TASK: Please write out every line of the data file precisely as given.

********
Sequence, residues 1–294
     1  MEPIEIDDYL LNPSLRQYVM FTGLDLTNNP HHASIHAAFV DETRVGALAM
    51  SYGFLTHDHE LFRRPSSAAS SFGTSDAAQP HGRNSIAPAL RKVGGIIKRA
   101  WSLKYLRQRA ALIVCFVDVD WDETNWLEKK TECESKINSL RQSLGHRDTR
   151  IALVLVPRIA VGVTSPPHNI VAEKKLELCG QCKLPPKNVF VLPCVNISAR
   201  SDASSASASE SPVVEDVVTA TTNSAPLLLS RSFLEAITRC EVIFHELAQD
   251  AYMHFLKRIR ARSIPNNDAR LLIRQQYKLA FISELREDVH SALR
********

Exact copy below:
Sequence, residues 1–294
     1  MEPIEIDDYL LNPSLRQYVM FTGLDLTNNP HHASIHAAFV DETRVGALAM
    51  SYGFLTHDHE LFRRPSSAAS SFGTSDAAQP HGRNSIAPAL RKVGGIIKRA
   101  WSLKYLRQRA ALIVCFVDVD WDETNWLEKK TECESKINSL RQSLGHRDTR
   151  IALVLVPRIA VGVTSPPHNI VAEKKLELCG QCKLPPKNVF VLPCVNISAR
   201  SDASSASASE SPVVEDVVTA TTNSAPLLLS RSFLEAITRC EVIFHELAQD
   251  AYMHFLKRIR ARSIPNNDAR LLIRQQYKLA FISELREDVH SALR